With all that said, yes, the flying is cool, so how about being able to see yourself in motion, akin to a photo mode (or perhaps a cinematic mode, as it were). Darcey says the best way to view the suit up close and personal is in the garage, the hub. You’ll have your action-packed flying and fighting sequences, then you’ll have the downtime with cinematics with the various characters – Pepper Potts, Friday, Nick Fury – you’ll meet in the game. There is Iron Man, the hero, then Tony Stark, the person behind the mask. He cannot talk much regarding Ghost, or even the other characters who may be appearing, but they’ve been working with Marvel from the very beginning, so you can expect the story quality to hit that level.
It ties in to the customizations you may have heard mentioned regarding the suit. You’ll get to admire the suit up close, and tinker with it. The attachments/weapons have been showed off some in the demo, and it would sound like there’s plenty more firepower left to play around, besides passive upgrades you can also get. These will be unlocked as you progress through the campaign. Besides the suit upgrades, there’ll be custom decals for the cosmetics side.
Nonetheless, the COVID-19 pandemic did have effects on development, but Darcey says the team has responded well to the work from home transition, even if they did have some hiccups. They’re focusing on polish now, and be it on the flight controls to cinematics, they’re hard at work in the final stages. They want to see how much further they can take it without making the build unstable.
Now, Darcey feels that there’s two key areas in which Iron Man VR has contributed towards VR as a whole in being this unique experience:
- The flight controls and the freedom of movement
- Being able to tell an impactful story in this VR experience, that he feels “elevates the game to AAA quality in VR”, a complete package game that isn’t “merely” a tech demo
You can expect high frame rate with the game, as well as the closest possible, shall we say, mimicry of your movements to be translated into the game – ensuring both player and game respond to each other “in a way that makes sense”. They do still have the traditional snap turns and smooth turnings, but the “one to one connection of body and mind” is there to ensure the game is accessible to as many players as possible, so that you can walk away “feeling great”. Those with tendencies for VR motion sickness, much like the editor, can feel more hopeful that they will be able to enjoy being Iron Man regardless of your threshold of comfort.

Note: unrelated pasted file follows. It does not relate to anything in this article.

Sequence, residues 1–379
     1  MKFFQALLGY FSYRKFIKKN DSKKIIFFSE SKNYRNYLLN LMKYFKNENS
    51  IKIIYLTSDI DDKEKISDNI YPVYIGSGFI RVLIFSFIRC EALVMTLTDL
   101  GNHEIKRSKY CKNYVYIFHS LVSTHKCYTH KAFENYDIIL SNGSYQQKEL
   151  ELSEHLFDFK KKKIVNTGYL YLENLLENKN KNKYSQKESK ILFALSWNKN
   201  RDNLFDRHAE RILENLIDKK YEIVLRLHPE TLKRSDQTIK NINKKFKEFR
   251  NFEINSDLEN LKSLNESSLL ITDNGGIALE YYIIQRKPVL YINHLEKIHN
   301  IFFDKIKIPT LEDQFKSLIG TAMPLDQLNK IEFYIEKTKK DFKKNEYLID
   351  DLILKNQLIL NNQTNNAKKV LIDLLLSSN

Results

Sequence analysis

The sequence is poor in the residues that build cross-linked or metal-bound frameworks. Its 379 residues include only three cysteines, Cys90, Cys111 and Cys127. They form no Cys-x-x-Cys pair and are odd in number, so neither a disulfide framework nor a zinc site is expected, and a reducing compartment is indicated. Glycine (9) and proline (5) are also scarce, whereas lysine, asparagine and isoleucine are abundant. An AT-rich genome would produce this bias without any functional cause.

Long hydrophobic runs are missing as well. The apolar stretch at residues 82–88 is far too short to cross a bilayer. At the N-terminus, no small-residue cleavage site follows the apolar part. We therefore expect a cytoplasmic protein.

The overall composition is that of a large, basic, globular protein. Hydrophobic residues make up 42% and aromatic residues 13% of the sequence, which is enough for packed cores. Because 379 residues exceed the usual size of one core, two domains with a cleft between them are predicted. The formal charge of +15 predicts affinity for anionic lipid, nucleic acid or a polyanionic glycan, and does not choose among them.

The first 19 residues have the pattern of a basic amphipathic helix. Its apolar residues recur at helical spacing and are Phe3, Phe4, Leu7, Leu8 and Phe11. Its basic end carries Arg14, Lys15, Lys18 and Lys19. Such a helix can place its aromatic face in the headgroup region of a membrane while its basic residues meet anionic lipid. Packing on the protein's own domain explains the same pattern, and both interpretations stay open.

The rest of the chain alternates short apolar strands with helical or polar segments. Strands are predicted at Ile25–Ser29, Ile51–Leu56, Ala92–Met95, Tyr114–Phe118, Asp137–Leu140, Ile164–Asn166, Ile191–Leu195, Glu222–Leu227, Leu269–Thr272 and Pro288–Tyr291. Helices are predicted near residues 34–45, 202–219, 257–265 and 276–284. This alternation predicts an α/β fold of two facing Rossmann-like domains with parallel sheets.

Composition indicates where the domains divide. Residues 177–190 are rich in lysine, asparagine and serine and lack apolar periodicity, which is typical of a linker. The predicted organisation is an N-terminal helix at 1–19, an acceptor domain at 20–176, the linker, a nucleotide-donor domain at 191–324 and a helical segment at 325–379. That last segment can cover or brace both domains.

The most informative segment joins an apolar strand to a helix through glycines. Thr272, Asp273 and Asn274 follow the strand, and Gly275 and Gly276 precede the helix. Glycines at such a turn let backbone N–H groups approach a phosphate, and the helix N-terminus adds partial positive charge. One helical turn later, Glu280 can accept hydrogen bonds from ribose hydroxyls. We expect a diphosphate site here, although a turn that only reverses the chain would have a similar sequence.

“We didn’t take out anything from the game that we wanted in there.”
You can argue that VR has yet more room to grow, but Darcey says that they’ve nonetheless managed to put everything they wanted into the game, whether you feel the hardware has limitations or otherwise. The team are at present, focusing solely on releasing the game, so any post-launch content will have to wait.
There is one more curious thing: Darcey mentions Doom as an inspiration for the game, referring to the combat experience that is critical to the game. VR is still in relative infancy, so most of their inspirations are still drawn from other media like movies for them to apply into the game.
That’s all the time we had for the session. If you’ve been wanting to live your dreams to be Iron Man, your chance is here. With the apparent emphasis on combat, while not neglecting the story, this VR experience seems to be gunning for a spot to be interactive cinema, which will be interesting to see. While a lot of games can be immersive in their systems, this would be one of the times you will be able to be the character – so to speak – and having you closer to the character like never before.
Marvel fans should be especially eager to learn more about Ghost and the story, considering the close relations Camoflaj and Marvel have in making this title. What else can you learn about Tony Stark? His companions? The lore is out there for you to tie in to the massive universe that is Marvel, and it’ll be available 3 July 2020.